Crossing The Line

Originally published  Sunday, October 12, 2008

I don’t know where to begin. The past week of presidential politics has been horrifying, to say the least. I’m a pretty cynical person when it comes to politics, but even I have been shocked at the depths to which the McCain campaign has sunk. McCain and Palin are inciting hatred and threats of violence with a reckless campaign aimed at smearing Barack Obama.

Their attacks against Obama go beyond the normal election tactics of distorting the opponent’s record and mischaracterizing his positions. McCain and Palin have crossed the line into character assassination and hate-mongering.

Palin says that Barack Obama doesn’t see America in the same way as the rest of us, implying that he is somehow anti-American. And she says that he pals around with terrorists. McCain is running an ad on television that accuses Obama of associating with terrorists—an ad that was approved by John McCain himself.

Never mind that the so-called terrorist is Bill Ayers, former member of the Weathermen who is now a professor at the University of Illinois, Chicago, and a respected educator who served along with Obama and numerous other people on the board of an educational charity supported by the Annenberg Foundation. Never mind that Barack Obama was just a child when Bill Ayers was bombing buildings with the Weathermen.

Pardon me if I’m flabbergasted that John McCain seems surprised to have discovered that his new campaign tactic has induced people who attend his rallies to call Obama a terrorist and spew racist vitriol.

This is really a sad day in American history, and John McCain should be ashamed of himself. He wants to be president so badly that he was willing to go down the low road of Rovean smear campaigning. He is now reaping what he sowed and it isn’t pretty. Hate-mongering never is.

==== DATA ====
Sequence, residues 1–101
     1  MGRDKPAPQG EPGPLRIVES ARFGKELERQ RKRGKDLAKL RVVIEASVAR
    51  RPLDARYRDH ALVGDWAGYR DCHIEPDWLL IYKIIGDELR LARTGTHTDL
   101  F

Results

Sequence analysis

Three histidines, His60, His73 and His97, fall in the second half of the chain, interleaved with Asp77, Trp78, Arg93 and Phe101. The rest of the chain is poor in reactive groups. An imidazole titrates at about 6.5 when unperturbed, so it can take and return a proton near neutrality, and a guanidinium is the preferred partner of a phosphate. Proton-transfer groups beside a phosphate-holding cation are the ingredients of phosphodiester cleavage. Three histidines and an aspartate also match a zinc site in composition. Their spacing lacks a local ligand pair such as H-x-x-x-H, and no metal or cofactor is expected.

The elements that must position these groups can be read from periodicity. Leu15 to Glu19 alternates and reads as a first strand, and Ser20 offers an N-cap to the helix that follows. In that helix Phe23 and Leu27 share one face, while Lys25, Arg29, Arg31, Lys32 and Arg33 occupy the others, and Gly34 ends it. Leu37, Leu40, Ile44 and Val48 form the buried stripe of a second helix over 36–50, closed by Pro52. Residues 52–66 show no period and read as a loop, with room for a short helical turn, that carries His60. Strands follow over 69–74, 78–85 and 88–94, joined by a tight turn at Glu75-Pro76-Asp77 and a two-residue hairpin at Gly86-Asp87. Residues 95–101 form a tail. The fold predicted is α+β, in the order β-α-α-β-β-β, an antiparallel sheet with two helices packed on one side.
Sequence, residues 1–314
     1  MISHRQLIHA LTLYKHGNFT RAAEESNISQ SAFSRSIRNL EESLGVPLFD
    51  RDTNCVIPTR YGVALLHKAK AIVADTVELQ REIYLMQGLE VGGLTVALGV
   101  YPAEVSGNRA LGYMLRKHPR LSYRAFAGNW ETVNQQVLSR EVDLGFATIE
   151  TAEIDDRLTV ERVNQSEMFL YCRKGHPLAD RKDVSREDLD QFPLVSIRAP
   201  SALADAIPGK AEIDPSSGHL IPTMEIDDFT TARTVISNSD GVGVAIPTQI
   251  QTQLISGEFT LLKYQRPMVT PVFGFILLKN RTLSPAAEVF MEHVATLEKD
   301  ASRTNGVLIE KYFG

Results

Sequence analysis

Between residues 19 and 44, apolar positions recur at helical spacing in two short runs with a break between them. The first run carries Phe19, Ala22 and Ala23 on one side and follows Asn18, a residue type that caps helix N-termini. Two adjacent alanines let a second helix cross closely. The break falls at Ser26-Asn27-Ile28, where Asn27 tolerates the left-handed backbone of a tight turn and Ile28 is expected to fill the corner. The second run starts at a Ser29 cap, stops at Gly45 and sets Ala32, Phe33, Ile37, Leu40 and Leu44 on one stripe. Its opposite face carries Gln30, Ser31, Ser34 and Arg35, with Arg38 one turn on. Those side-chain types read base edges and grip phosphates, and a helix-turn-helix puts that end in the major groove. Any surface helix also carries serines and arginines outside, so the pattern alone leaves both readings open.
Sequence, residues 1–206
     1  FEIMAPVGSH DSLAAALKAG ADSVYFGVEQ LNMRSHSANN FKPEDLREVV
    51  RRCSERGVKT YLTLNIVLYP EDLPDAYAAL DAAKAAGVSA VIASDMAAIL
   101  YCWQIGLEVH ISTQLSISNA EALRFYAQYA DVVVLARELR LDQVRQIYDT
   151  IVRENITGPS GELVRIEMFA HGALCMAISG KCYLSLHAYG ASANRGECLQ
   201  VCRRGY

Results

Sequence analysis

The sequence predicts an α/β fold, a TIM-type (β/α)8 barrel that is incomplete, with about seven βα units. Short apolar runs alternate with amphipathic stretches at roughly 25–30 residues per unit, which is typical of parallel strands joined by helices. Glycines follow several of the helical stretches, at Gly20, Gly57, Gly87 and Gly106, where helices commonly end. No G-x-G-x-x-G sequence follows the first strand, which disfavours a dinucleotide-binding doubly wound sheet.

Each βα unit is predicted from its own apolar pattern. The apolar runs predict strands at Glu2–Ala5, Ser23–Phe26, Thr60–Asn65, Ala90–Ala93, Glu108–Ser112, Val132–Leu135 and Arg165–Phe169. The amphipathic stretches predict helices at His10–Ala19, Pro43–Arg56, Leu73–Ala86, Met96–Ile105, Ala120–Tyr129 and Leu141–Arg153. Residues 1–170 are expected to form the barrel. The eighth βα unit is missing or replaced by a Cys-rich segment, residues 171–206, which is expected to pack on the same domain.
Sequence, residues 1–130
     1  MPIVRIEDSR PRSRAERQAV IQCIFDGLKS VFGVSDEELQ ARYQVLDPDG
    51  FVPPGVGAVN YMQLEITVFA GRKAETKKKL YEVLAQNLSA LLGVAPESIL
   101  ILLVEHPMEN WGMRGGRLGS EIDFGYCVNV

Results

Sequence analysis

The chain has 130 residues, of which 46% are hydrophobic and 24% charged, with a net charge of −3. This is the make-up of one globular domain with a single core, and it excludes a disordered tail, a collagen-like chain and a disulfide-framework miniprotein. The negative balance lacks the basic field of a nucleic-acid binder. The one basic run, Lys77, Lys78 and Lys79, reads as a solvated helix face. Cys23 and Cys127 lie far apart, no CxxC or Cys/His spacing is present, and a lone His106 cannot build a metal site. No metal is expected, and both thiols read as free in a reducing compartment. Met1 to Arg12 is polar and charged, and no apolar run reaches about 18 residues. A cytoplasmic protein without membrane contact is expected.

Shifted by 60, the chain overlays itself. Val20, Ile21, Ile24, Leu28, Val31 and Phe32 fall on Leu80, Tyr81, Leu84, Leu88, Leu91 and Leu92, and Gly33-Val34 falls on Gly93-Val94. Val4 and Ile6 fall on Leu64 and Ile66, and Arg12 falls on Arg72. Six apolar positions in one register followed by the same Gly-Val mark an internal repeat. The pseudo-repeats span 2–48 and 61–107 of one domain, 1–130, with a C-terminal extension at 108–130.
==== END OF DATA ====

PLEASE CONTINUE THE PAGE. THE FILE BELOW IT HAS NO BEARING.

McCain is not a racist, and I think he is genuinely surprised that his supporters seem to actually believe all the garbage that is bandied about in the right-wing media, in McCain’s and Palin’s stump speeches, and in McCain’s television ads. But he shouldn’t be. I mean, really, what did he expect? Apparently it never occurred to McCain that his supporters would take his characterization of his opponent as un-American, unpatriotic, and untrustworthy literally.

He seems to be genuinely surprised that people at his and Palin’s rallies shout “terrorist,” “traitor,” “treason,” “bomb Obama,” and “kill him” when Obama’s name is mentioned.

He seems a bit dismayed by the reaction of his supporters, enough so that he felt obligated to defend Obama as a decent man, a family man, not someone to be afraid of. He was booed!

When I was a senior in high school, there was a presidential election. One of the candidates was the infamous racist George Wallace. My social studies class went on a field trip to a George Wallace rally in Wheeling, WV, just a few miles away from our school. In attendance were some hecklers who baited Wallace and were bested by him. When the rally was over, we saw the hecklers get on the Wallace campaign bus. They were just part of the act.

Sadly, the man who expressed fear for his family if Obama becomes president, the woman who said Obama is an Arab, the people who shout “traitor,” “treason,” “kill him,” and “bomb Obama” aren’t just part of the act. They are genuine supporters of John McCain and they are a reflection of the current themes of McCain’s campaign—hatred and racism. John McCain has disgraced both himself and our nation.



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